The lands and waters of the National Wildlife Refuge System offer a haven for species that are facing extinction. After more than 50 years of supporting the Endangered Species Act, we at the U.S. Fish and Wildlife Service are shining a light on some of the special places that help protect threatened and endangered species.
Kirtland’s Warbler Wildlife Management Area was established on September 3, 1980, in response to the need for more land dedicated to the recovery of the endangered Kirtland’s warbler, which was listed under the Endangered Species Act from 1967 to 2019. The management area is made up of 125 tracts of land totaling more than 6,000 acres in eight counties in the northern Lower Peninsula of Michigan.
Even though the Kirtland's warbler was delisted due to recovery in 2019, our work isn't done. Today, we aim to connect areas of habitat for Kirtland’s warblers and other focal species in and around Michigan’s jack pine forest and pine barren ecosystems. These islands of habitat are made stronger when we connect them. We manage this habitat is to simulate theand composition of a recently burned jack pine forest. Kirtland’s warblers build nests on the ground, only in young, dense stands of jack pine in Michigan, Wisconsin and Ontario. This habitat was historically created by large wildfires. Today, wildfires are suppressed, and the nesting habitat is created by harvesting mature jack pine and planting jack pine seedlings in the logged areas.
Young jack pine stands are crucial habitat for the warbler and many other species. Because Kirtland’s warblers prefer a very specific age group of jack pine trees, the forests are divided into three categories. Sort of like Goldilocks, the warbler is very picky about where it lives. Too young or too old and the warbler will not use the forest. The young jack pine forests which are between four and 15 years old are just right.
Each forest age is associated with a different wildlife community. Young jack pine forests are not only essential habitat for the Kirtland’s warbler, but they are home to other birds like the Nashville warbler, eastern towhee, brown thrasher and alder flycatcher. Very young jack pine forests that are four years or younger provide habitat for indigo buntings, eastern bluebirds, field and Lincoln’s sparrows and black-billed cuckoo. Jack pine forests that are 15 years and older provide habitat for black-backed woodpeckers, spruce grouse, olive-sided flycatchers, eastern wood-pewees, hermit thrushes, ovenbirds, rose-breasted grosbeaks, red-breasted nuthatches, red-eyed vireos, black-capped chickadees, chipping sparrows and mourning doves.
Endangered species recovery is complex work, often requiring substantial time and resources. Species today face ongoing threats like habitat loss as well asand wildlife trafficking. We have a continued commitment as a nation to protect imperiled species. Each of these species is a part of the web of life, each with a unique cultural and biological community, performing services that are essential to our combined well-being. By conserving them, we help ensure the benefits that accrue from them - healthy air, land and water - on which we depend.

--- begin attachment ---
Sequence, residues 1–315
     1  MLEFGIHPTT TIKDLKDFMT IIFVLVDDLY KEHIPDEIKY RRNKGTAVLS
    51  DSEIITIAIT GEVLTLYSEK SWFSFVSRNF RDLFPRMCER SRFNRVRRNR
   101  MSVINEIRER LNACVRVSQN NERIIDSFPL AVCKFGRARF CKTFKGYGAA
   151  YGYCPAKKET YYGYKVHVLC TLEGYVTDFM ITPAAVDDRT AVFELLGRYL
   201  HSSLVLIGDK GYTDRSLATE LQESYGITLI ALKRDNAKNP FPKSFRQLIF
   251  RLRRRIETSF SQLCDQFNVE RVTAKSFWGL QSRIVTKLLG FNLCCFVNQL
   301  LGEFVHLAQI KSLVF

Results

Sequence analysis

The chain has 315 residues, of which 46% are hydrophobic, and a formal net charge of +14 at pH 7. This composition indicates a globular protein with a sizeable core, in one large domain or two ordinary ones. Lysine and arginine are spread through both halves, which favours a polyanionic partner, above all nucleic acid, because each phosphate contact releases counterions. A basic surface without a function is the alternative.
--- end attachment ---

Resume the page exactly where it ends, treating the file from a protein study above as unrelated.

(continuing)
Every four years, biologists survey the population as a measure of species health. At the lowest points, populations had dipped to 167 pairs in 1974 and 1987. As of the last survey in 2021, the Kirtland’s warbler global population is estimated at 2,245 pairs - more than double the recovery goal. Goals have been exceeded every year since the early aughts!
Work isn’t over for the Kirtland’s warbler, even though it was delisted due to recovery. Referred to as conservation-reliant, species like Kirtland’s warblers require active management from biologists and land managers even after Endangered Species Act protections are removed. That’s partly because their habitat was traditionally regenerated by wildfire, which has largely been removed from the equation. That said, we’ll continue to adjust specialty habitats as conditions warrant. In doing so, we’ll collaborate with the U.S. Forest Service, Michigan Department of Natural Resources and other partners to ensure enough suitable nesting habitat is available for the Kirtland’s warbler.
Know before you go
If you’re hoping to get a good glimpse of the Kirtland’s warbler at its namesake, you’re in luck! When the weather is nice, you have a good chance of seeing the Kirtland’s warbler, as well as many other neotropical migrant bird species. You’re welcome to look for wildlife, take photos, enjoy interpretive tours and learn more through educational field trips. Please be aware that during hunting season, hunters visit in search of game birds, upland game and big game species.
While Kirtland’s Warbler Wildlife Management Area does not have any official trails, these lands may have old roads which run throughout the properties. Many of these old roads are the perfect place to take a walk. We encourage you to get out and explore while staying on these established roads. Be aware that some habitat areas may be closed to recreation during the Kirtland’s warbler breeding season in spring and early summer.